It doesn’t stop there. Boba Fett also wants to remind you of Ray Harryhausen monsters, Lawrence of Arabia, and great train robberies, with the second episode giving us the third convoy fight in four years. More than just referencing other stories, the series seeks to use all their emotional payoffs without engaging with what provoked those emotions in the first place; we’re supposed to feel a great power shift when Boba helps the tech-equipped Tuskens take back a convoy from oppressors they don’t understand the significance of, rendering a potentially seismic moment relatively toothless. What’s more, the emotional satisfaction we get from other stories of cross-cultural connection is softened because it’s not happening with rich characters we can dive into—the investment we have in the ensemble is all assumed.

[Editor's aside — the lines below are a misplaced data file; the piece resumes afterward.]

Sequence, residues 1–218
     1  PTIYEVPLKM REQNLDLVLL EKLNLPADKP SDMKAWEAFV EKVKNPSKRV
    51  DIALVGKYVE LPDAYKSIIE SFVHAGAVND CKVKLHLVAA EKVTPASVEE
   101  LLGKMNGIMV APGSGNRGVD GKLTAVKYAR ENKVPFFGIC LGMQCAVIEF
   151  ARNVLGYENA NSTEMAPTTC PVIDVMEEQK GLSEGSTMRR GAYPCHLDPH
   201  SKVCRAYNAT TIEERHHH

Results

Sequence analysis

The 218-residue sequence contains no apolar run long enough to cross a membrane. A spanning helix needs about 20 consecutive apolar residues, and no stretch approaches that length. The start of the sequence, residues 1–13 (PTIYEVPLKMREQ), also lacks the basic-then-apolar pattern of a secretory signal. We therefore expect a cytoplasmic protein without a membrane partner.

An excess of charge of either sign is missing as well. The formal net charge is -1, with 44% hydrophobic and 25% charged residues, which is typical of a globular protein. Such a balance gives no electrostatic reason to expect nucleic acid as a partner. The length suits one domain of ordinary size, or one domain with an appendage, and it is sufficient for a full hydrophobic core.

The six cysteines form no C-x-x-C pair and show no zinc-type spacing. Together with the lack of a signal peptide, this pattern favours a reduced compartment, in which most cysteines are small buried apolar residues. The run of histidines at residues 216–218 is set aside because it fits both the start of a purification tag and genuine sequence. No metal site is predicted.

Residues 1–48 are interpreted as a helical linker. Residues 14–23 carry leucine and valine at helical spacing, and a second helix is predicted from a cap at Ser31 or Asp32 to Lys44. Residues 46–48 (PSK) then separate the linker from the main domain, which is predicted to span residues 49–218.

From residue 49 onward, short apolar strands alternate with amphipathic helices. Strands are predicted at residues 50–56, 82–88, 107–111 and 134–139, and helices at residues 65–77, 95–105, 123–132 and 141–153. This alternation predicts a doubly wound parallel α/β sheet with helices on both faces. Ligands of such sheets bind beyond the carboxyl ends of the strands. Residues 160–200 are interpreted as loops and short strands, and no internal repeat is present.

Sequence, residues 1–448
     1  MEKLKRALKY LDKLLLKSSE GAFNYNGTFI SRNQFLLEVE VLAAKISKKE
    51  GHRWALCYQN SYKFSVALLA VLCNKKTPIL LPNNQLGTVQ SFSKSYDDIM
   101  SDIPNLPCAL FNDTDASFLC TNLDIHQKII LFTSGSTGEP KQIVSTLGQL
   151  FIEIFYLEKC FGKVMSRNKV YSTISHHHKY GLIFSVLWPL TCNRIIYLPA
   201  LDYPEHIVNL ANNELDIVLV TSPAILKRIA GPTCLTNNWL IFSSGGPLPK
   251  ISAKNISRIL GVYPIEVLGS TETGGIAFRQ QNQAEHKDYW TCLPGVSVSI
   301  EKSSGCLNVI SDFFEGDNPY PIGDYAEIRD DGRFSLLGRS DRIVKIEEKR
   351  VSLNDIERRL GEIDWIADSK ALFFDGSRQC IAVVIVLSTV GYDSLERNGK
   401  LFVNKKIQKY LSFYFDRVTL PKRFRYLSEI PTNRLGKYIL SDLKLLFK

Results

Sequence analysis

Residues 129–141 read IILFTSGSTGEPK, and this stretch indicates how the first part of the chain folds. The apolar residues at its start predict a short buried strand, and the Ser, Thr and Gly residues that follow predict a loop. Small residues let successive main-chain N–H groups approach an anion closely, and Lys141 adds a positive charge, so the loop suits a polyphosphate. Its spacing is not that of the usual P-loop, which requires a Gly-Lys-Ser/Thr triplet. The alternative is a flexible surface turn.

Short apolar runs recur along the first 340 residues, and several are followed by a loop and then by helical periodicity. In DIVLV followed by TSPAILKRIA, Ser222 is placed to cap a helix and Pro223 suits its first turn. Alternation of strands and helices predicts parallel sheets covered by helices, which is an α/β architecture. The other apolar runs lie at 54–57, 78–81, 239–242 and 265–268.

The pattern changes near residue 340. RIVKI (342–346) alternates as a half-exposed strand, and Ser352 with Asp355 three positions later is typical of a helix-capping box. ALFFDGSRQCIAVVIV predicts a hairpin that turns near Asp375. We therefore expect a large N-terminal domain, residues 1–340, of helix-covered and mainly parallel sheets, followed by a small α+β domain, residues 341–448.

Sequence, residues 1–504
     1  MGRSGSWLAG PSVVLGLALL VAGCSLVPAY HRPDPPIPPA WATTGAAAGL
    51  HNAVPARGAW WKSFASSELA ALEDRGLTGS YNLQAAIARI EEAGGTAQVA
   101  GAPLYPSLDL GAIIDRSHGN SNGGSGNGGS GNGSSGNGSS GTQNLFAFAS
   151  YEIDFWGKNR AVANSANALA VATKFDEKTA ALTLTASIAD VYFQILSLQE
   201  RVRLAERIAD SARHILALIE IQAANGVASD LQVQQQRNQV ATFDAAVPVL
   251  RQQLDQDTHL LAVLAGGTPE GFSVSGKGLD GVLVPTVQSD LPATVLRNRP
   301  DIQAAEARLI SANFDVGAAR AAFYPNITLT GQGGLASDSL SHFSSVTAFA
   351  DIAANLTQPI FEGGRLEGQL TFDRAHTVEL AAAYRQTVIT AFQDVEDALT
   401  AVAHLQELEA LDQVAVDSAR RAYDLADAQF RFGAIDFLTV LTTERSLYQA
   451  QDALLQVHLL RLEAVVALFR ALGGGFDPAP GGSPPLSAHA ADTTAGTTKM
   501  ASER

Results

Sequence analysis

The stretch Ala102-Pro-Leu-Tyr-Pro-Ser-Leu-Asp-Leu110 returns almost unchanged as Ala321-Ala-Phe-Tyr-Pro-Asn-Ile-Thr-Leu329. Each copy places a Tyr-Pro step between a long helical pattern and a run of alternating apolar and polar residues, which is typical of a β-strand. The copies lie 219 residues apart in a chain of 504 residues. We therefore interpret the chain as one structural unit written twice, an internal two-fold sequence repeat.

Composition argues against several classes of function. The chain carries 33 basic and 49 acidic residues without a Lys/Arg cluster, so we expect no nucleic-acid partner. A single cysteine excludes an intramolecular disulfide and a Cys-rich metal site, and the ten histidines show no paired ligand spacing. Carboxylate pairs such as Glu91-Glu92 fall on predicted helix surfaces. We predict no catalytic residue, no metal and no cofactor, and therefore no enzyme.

“It’s what Star Wars was always meant to be,” a cousin told me when The Mandalorian first premiered. “A western.” I knew I disagreed, but couldn’t quite articulate why. On reflection, I see it raises an important question: what exactly do people think Star Wars was meant to be? There are plenty of clear influences with samurais, serials, and yes, the occasional cowboy; but listing any of these as an answer misses the point. Star Wars was always supposed to be Star Wars, because Star Wars meant something new. It was a flashy updating of all of its inspirations into something that was, crucially, more than the sum of its parts. It doesn’t matter what Star Wars’ influences are, as long as it transforms them, rather than using them as a crutch.